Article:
Dynamic Plantar Microvascular Skin Response to Compressive Loads in At-risk Diabetic and Healthy Control: a Pilot Study (ILH)
The purpose of this pilot study is to compare the dynamic response of microcirculation in the skin on the bottom of the big toe after applying controlled plantar stress in 25 diabetic subjects with a history of foot ulcer and 25 age-matched healthy controls to better understand the role of local hypoxia in neuropathic foot ulceration in subjects with diabetes.
The investigators hypothesize that if they apply a gait simulating load to the plantar foot and measure microvascular function, diabetic individuals will demonstrate an increased delay in reestablishing microvascular flow compared to healthy individuals.
Foot Ulcer, Diabetic
|Study Design:||Observational Model: Case Control
Time Perspective: Cross-Sectional
|Official Title:||Dynamic Plantar Microvascular Skin Response to Compressive Loads in At-risk Diabetic and Healthy Control|
- Latency time after occlusive loading [ Time Frame: approximately 2.75 minutes after start of collection protocol ] [ Designated as safety issue: No ]The time between removal of occluding pressure and the initiation of the post-occlusive hyperemic response as measured by laser Doppler.
- Response time to baseline [ Time Frame: 2.75 seconds after start of collection protocol ] [ Designated as safety issue: No ]The time interval between the start of post-occlusive hyperemic response and when the response curve reaches the baseline, or reference, flow level as measured by laser doppler.
- Response time to Maximum Flow [ Time Frame: At least 2.75 seconds after the start of collection protocol. ] [ Designated as safety issue: No ]The time interval between the start of the post-occlusive hyperemic response and the time to reach maximum flow as measured by laser doppler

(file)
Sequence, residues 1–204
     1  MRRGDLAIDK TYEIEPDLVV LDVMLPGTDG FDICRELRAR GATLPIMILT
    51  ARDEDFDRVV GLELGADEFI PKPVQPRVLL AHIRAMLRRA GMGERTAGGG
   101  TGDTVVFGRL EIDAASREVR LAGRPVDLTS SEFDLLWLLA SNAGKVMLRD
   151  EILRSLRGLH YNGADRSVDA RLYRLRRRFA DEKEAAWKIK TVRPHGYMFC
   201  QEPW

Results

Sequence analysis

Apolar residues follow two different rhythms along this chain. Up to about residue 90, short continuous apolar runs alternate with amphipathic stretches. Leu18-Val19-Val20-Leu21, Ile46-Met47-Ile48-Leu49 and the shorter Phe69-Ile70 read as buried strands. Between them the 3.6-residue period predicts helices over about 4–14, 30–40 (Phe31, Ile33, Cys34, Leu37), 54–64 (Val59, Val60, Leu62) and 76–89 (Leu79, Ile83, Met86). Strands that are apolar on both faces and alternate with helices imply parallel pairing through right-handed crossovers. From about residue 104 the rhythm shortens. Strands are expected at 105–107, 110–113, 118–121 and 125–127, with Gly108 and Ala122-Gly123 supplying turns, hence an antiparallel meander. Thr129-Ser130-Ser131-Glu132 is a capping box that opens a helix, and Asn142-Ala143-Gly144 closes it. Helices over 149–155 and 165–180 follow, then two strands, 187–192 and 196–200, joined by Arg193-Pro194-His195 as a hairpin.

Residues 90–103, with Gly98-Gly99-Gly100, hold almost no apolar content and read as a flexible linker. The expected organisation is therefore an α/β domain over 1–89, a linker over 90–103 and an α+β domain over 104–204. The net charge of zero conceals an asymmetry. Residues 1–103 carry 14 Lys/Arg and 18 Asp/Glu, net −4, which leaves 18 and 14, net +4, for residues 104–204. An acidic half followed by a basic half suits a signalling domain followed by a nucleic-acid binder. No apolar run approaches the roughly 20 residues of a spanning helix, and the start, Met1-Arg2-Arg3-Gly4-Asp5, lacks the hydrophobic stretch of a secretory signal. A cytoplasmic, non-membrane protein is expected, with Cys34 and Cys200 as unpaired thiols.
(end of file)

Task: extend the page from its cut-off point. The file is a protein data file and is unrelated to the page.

|Study Start Date:||November 2007|
|Estimated Study Completion Date:||December 2016|
|Estimated Primary Completion Date:||October 2016 (Final data collection date for primary outcome measure)|
Diabetic individuals with a history of previous plantar ulcer and a high risk of developing a foot ulceration
Non-diabetic, healthy individuals with low risk of developing a neurogenic foot ulcer
Please refer to this study by its ClinicalTrials.gov identifier: NCT01580917
|Contact: Dana N Tango, BSemail@example.com|
|Contact: Reagan Kane, MSfirstname.lastname@example.org|
|United States, Pennsylvania|
|Temple University School of Podiatric Medicine Gait Study Center||Recruiting|
|Philadelphia, Pennsylvania, United States, 19107|
|Principal Investigator: James A Furmato, DPM, PhD|
|Study Director:||Jinsup Song, DPM, PhD||Temple University|
|Principal Investigator:||James A Furmato, DPM, PhD||Temple University|